METHODS: A questionnaire was distributed to 54 pediatric residents at the Mount Sinai Hospital primary care clinic. Questions included demographics, practice patterns, and barriers to action plan use.
RESULTS: The survey response rate was 67% (n=36), with 36% in postgraduate year (PGY)-1, 36% in PGY-2, and 28% in PGY-3. Most physicians did not have a personal history of allergy (83%) or prior exposure to an allergy elective (88%). Almost all (92%) had seen a case of food allergy or insect-sting allergy, and agreed that written action plans would be beneficial to families for managing severe allergic reactions (64%). However, only 19% have provided action plans to patients and their families, and only 6% consistently provided action plans when prescribing epinephrine auto-injectors. Forty-two percent of responders were unaware of pre-existing action plan templates, and few (22%) feel comfortable completing action plans. Fifty-six percent of responders report providing verbal counseling on anaphylaxis consistently. Reported barriers to anaphylaxis action plan use included: practice-related factors (“short visit time,” “workflow difficulties”), compartmentalization of medical care delivery (“allergy referral was provided instead”), clinical history (“mild allergic reactions”), and patient-related factors (“low family literacy”).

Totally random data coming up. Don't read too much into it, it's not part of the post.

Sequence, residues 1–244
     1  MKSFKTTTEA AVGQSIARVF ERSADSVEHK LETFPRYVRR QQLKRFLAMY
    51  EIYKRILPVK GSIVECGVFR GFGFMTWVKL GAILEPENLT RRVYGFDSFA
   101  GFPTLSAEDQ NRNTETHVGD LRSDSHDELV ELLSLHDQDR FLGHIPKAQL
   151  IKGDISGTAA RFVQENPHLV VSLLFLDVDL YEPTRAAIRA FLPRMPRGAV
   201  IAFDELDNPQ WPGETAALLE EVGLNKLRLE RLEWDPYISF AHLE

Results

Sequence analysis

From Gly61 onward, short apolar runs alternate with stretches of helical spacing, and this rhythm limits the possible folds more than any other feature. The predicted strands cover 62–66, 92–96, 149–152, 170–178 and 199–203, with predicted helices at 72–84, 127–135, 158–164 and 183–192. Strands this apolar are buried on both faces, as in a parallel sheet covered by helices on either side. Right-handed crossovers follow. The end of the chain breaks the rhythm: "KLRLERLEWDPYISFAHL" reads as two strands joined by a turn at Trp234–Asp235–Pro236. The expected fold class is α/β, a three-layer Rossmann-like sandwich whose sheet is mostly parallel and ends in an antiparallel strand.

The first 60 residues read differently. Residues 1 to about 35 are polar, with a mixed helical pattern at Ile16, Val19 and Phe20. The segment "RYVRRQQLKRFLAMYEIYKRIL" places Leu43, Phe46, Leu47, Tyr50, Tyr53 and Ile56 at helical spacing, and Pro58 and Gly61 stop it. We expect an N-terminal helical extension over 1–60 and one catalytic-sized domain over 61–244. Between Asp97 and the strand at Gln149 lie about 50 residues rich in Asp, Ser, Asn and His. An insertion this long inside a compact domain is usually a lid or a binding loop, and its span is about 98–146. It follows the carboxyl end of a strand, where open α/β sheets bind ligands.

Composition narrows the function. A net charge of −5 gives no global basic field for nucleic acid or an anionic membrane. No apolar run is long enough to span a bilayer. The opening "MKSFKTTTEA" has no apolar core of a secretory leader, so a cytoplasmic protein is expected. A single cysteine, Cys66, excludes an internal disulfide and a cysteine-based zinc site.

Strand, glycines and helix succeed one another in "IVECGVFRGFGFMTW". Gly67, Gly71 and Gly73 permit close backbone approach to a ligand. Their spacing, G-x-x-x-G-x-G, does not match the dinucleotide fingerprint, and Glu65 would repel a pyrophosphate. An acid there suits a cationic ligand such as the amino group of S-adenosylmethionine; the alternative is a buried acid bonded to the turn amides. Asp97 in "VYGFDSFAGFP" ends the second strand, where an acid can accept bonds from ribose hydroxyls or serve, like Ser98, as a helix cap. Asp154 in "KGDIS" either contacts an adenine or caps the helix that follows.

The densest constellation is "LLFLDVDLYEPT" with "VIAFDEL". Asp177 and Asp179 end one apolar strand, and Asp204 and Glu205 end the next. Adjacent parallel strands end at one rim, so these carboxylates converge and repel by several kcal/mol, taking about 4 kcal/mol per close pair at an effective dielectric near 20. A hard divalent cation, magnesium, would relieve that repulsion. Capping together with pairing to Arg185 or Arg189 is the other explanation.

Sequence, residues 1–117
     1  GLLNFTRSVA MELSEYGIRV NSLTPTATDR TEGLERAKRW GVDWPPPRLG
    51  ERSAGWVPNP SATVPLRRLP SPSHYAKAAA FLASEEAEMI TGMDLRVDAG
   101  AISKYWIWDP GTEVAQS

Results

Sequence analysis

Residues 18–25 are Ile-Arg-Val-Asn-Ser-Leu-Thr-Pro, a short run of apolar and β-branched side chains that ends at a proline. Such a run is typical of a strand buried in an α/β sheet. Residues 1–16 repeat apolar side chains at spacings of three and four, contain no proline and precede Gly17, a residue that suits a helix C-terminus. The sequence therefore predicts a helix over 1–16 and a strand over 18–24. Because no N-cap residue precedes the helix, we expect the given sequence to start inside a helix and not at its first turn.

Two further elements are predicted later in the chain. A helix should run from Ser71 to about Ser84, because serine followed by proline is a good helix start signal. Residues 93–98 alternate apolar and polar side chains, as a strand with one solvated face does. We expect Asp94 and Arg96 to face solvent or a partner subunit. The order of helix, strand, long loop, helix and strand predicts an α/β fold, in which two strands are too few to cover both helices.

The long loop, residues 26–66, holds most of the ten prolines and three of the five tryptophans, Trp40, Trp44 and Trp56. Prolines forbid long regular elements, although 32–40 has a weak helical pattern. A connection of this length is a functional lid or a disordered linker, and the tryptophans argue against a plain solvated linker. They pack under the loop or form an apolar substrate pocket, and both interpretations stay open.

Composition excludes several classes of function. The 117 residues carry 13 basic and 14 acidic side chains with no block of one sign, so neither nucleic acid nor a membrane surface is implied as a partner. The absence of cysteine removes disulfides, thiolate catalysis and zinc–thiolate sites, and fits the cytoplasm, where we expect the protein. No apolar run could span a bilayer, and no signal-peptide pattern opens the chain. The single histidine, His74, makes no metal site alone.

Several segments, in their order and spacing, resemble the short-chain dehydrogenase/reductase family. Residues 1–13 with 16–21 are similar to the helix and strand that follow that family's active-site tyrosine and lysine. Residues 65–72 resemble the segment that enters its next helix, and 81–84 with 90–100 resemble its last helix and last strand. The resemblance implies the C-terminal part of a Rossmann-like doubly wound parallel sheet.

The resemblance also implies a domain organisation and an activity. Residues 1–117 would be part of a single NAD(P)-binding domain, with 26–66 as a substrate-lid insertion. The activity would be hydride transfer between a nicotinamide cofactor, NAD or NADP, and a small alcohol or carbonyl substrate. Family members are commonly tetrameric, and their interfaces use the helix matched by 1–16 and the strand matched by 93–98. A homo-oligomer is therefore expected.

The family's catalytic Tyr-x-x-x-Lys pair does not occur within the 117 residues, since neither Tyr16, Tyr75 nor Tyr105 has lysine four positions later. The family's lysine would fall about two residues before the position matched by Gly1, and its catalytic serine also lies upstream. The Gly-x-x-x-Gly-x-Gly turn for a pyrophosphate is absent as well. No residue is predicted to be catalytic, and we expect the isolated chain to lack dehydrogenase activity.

CONCLUSIONS: Multiple physician, patient and practice-related barriers contribute to low utilization of anaphylaxis action plans in a primary care setting. Future education and systems-based interventions may help increase its usage.